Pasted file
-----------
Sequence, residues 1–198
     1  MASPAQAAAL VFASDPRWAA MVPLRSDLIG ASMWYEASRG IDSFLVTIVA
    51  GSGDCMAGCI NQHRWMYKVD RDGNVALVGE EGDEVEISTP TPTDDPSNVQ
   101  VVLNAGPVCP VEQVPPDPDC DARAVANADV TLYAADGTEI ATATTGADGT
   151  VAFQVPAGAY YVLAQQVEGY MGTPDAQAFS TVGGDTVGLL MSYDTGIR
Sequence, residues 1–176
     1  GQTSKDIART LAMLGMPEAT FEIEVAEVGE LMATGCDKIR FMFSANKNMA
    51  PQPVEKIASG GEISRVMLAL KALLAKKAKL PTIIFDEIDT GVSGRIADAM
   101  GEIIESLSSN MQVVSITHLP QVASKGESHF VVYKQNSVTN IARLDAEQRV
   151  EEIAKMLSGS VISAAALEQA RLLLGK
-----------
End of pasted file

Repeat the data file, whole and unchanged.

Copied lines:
Sequence, residues 1–198
     1  MASPAQAAAL VFASDPRWAA MVPLRSDLIG ASMWYEASRG IDSFLVTIVA
    51  GSGDCMAGCI NQHRWMYKVD RDGNVALVGE EGDEVEISTP TPTDDPSNVQ
   101  VVLNAGPVCP VEQVPPDPDC DARAVANADV TLYAADGTEI ATATTGADGT
   151  VAFQVPAGAY YVLAQQVEGY MGTPDAQAFS TVGGDTVGLL MSYDTGIR
Sequence, residues 1–176
     1  GQTSKDIART LAMLGMPEAT FEIEVAEVGE LMATGCDKIR FMFSANKNMA
    51  PQPVEKIASG GEISRVMLAL KALLAKKAKL PTIIFDEIDT GVSGRIADAM
   101  GEIIESLSSN MQVVSITHLP QVASKGESHF VVYKQNSVTN IARLDAEQRV
   151  EEIAKMLSGS VISAAALEQA RLLLGK